American aluminium smelter Century Aluminum released production and financial results for the year’s opening quarter earlier this week. Though production was up in the quarter, wider market forces helped keep financial numbers lower than hoped.
In the first quarter Century Aluminum shipped 206,451 metric tons of aluminium, up 4 percent from last quarter’s total of 199,466 metric tons. A restart of operations at the Hawesville smelter helped push shipments higher in the quarter.
Net sales in the quarter totaled US$490.0 million, a 1-percent increase on the quarter from Q4’s total sales of US$486.9 million.
Century Aluminum posted a net loss in the quarter of US$34.6 million, an improvement over last year’s net loss of US$65.0 million. The firm says US$32.0 million of exceptional items helped blunt the losses, including US$35.0 million lower of cost or net realizable value inventory adjustment in the quarter.
Adjusted net income for the quarter totaled US$66.6 million, a drop on the quarter from last quarter’s net loss of US$40.7 million.
Century’s adjusted EBITDA for Q1 totaled a loss of US$44.1 million, falling US$26.0 million from the prior quarter’s adjusted EBITDA loss of US$18.1 million. The drop off was the result of an unprecedented fall in alumina prices relative to those of raw aluminium, said the firm. Lower prices at the LME and lower regional premiums also contributed to bottom-line struggles in Q1.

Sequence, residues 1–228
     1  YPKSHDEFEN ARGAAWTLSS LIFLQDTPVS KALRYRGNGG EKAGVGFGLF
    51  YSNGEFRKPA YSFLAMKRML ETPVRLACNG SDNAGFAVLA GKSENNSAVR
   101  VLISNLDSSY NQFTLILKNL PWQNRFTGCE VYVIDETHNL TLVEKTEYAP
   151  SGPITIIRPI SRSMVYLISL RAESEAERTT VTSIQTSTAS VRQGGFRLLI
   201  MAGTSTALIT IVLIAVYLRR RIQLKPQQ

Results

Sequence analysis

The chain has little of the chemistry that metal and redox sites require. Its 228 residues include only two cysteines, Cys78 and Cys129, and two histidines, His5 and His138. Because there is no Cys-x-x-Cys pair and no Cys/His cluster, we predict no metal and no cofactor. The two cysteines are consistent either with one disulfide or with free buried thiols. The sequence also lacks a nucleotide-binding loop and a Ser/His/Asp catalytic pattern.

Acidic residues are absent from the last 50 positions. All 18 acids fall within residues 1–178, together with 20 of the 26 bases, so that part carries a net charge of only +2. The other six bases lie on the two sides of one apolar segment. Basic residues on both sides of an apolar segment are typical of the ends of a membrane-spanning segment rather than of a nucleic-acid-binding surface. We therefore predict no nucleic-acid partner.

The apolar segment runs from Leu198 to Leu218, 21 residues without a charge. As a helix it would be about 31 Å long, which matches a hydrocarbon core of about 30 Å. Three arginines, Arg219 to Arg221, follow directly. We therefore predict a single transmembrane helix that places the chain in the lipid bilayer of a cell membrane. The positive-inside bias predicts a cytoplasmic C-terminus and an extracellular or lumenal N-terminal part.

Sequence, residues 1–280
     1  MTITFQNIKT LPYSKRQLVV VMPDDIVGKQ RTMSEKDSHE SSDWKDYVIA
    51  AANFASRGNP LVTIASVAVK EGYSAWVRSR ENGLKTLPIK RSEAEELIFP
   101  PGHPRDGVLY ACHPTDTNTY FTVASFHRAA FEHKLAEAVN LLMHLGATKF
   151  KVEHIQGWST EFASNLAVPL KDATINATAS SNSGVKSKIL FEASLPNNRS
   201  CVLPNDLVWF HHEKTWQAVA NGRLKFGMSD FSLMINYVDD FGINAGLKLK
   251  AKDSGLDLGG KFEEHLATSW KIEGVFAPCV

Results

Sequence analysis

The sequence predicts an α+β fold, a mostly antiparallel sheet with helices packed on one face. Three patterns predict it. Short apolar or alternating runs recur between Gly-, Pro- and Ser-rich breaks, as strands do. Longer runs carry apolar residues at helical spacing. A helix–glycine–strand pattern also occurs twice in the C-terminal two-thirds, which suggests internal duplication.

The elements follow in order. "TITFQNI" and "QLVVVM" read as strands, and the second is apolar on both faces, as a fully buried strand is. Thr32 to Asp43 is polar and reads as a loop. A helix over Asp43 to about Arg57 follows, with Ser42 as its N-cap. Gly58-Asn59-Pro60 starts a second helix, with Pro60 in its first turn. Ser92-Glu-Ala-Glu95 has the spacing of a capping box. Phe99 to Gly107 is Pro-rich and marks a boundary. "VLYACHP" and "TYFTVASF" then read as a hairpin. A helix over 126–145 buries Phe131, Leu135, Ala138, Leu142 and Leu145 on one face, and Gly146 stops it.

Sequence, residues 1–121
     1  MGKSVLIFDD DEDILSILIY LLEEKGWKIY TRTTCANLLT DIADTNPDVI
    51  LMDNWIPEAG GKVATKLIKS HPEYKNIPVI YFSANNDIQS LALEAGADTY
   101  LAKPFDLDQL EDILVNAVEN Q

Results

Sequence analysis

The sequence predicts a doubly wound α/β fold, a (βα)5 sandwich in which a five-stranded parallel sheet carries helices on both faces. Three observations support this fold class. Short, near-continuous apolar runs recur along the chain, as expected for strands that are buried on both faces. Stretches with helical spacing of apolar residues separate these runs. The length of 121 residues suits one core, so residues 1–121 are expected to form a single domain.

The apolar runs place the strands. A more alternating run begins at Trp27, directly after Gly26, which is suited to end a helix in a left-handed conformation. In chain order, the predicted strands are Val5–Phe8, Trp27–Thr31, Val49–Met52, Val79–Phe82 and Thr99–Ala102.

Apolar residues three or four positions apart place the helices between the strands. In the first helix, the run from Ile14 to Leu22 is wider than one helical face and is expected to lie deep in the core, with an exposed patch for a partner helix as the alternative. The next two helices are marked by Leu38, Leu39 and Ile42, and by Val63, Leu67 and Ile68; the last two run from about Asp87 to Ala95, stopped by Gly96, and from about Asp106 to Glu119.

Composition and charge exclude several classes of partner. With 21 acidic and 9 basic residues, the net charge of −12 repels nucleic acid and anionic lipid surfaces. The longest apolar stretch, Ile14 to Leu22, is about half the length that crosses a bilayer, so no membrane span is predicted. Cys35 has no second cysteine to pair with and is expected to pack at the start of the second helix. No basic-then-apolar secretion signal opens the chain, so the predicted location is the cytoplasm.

Michael A. Bless, Century’s President and Chief Executive Officer, expressed optimism that market forces affecting his firm’s bottom line are beginning to relent.
“We continue to manage through a dynamic environment. Actual trading conditions have remained for the most part favorable. Demand growth has continued to be generally strong. The metal price has been rangebound, perhaps pending development on several significant geopolitical fronts. Importantly, the alumina price has, as we expected, fallen significantly from its highs, but still has a ways to go to reach historical levels. Our analysis indicates the market is very well supplied at present; new production expected to come online in 2019 as well as potential restarts in the Atlantic basin should put significant further downward pressure on the index price.”
“We have continued to execute our plan of growth and cost structure improvement,” Bless continued. “As planned, all three curtailed potlines at Hawesville were in full operation during the first quarter; the project also remains on budget. The team are now turning their attention to rebuilding and installing the new technology on the two lines that have been continuously producing; the first of these lines was taken out of service last month and is currently being rebuilt. The new technology continues to perform above our expectations in efficiency and process stability. All operations are stable and safety performance has been excellent. We believe the company is well positioned to capitalize on a return to a normal pricing environment, specifically the relationship of the alumina price to the metal price.”